The vernal equinox is also when many ancient mystery and sun cults honored the mythological death and resurrection of the sun. The Egyptian god Osiris was betrayed at a feast or supper. The god Set betrayed him and he was murdered. Osiris rose from the dead and this event was celebrated in Egypt at the vernal equinox (Easter) . This is why the rising sun is of such central importance to such fertility cults, from which Christianity derives its festivities.

The Greek goddess Persephone once lived in perfect bliss on mount Olympus. She was in paradise. Hades, the Lord of the Underworld (who plays the role of the “serpent” here) tricked Persephone into eating the forbidden fruit: the pomegranate. The pomegranate was the forbidden fruit of mortality. Persephone was deceived and plucked the fruit and ate thereof. Hades took her in his chariot to the Underworld, to the land of those whose food is dust and mud. There Hades raped her and forced her to be his bride.

To the Mystery cult of Eluseus (which the Greek philosopher Socrates mentions) , Persephone symbolized the soul of humanity, which once existed in a state of perfect bliss and fell from grace. Her mother Demeter pleaded for her return and Hades finally agreed to let Persephone return half the year, but the other half of the year she must remain with him. This was symbolic of reincarnation, rebirth. Each vernal equinox her return was a resurrection and the flowers bloomed with joy. From death cometh new life.

The Syrian fertility god Attys was annually hung on a tree and resurrected. In other myths, he was killed by a wild bore and reborn from a “myhhr” tree. The concept of death and resurrection at the vernal equinox is ancient and deeply rooted. There are countless other examples of the “death and resurrection” theme. Once again, these are age-old pagan motifs. They are symbolic of Man’s quest for the death of his or her lower nature, that the spiritual seed within us may be reborn.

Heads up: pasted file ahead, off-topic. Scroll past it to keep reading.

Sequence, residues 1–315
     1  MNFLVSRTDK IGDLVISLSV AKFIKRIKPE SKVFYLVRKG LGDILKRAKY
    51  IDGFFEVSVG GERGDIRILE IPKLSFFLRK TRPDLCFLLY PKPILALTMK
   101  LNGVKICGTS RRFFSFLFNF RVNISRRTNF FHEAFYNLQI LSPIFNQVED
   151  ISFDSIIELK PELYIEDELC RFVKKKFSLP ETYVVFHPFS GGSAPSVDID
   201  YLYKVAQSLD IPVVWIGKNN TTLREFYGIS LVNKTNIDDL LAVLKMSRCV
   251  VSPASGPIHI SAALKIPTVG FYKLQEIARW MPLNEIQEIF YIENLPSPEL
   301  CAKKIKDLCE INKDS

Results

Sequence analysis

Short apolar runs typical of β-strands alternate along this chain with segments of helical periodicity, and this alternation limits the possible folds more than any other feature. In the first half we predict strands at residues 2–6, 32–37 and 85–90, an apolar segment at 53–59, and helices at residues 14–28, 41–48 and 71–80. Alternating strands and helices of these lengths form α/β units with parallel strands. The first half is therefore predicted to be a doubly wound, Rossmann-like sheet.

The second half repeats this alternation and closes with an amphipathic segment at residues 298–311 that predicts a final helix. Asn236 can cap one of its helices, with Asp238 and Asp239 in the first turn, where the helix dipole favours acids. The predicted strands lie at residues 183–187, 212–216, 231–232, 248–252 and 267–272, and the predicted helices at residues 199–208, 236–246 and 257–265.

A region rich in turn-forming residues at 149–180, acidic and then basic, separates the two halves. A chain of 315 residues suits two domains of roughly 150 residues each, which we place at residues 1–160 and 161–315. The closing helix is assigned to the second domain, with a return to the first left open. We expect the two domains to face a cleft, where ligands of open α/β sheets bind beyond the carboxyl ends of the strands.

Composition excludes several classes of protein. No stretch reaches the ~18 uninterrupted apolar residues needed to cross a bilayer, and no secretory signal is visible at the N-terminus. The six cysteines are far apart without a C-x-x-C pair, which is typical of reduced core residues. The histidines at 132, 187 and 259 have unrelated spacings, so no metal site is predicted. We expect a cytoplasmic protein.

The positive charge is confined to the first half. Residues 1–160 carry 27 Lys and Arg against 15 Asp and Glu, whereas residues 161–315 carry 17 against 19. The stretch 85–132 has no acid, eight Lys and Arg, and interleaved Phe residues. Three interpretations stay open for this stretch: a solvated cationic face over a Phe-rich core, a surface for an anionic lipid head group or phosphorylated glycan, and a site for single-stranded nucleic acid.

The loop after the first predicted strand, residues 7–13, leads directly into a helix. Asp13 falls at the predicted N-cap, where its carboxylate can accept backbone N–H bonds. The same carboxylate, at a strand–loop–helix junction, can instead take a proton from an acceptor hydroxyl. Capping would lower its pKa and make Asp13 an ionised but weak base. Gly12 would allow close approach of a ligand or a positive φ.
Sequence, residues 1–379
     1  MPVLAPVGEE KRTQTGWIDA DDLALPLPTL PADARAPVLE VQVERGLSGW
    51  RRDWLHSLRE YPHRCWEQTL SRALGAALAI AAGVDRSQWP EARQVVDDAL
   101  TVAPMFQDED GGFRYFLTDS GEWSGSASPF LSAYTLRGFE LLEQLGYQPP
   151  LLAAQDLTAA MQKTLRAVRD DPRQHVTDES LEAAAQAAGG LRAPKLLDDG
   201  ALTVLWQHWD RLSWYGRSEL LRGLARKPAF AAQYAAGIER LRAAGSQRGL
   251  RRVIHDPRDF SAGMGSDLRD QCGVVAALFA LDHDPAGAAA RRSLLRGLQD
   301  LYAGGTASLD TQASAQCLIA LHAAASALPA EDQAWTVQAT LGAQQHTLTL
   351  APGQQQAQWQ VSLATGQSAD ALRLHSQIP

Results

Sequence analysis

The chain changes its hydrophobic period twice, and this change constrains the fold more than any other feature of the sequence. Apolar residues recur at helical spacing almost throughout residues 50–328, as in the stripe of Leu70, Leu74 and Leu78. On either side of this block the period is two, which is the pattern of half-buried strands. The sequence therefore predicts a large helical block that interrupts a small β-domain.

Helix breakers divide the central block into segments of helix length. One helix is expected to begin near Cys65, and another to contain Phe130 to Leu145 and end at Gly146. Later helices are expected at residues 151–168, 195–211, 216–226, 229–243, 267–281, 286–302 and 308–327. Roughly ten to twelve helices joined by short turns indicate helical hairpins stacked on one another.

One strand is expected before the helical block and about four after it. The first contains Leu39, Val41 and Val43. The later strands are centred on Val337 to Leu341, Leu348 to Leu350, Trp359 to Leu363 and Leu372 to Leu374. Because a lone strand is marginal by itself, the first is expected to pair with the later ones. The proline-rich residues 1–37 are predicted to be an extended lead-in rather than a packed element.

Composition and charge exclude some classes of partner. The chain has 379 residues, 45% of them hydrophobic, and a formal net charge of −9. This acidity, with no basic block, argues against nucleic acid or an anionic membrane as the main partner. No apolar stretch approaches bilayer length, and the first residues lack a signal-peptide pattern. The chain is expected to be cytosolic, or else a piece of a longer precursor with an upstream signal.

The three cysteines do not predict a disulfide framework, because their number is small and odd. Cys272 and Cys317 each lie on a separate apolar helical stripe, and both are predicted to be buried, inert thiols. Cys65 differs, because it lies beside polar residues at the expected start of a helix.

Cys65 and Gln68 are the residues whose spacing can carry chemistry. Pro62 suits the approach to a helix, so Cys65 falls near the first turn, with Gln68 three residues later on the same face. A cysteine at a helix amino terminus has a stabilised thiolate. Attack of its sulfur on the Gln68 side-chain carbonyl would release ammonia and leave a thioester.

To the ancient sun cults, the death and resurrection myth was a great cosmic allegory, which symbolized the tests and trials of initiation. The initiate of the mystery schools must die and be “born again.” This symbolized spiritual rebirth. The red color that the Easter eggs often had was an allusion to Mars. The vernal equinox is when the sun was in Aries and from which March derives its name (from Mar-s) .

Christianity has been built upon the stock of paganism. Successfully so, indeed. Paganism, which Christianity has so faithfully preserved, remains intact to this day. Did Christianity ‘steal’ these ideas from the ancient pagan religions and beliefs? To this, there are two different answers: one theory is that of diffusion, i.e. plagiarism and that culture “a” copied off culture “b”, and the other theory is that these mythological themes are actually imprinted upon the consciousness of humanity and will return again and again in various religions and cultures from around the world.

Perhaps it is a mix of both.


Taliesin McKnight
Location: Dallas, Texas

Author’s Profile: To learn more about Taliesin McKnight – Click HERE

Bio: Taliesin McKnight is a researcher, lecturer, and writer on the subjects of Comparative Religion, philosophy, the Qabalah, magick, psychology, and the occult. His studies have brought him to share ideas and knowledge with those of like mind. He is a licensed inter-faith minister. He speaks Spanish, English, French, and Italian. Taliesin’s videos and articles are published on more than 20 different websites. He currently resides in Dallas, Texas.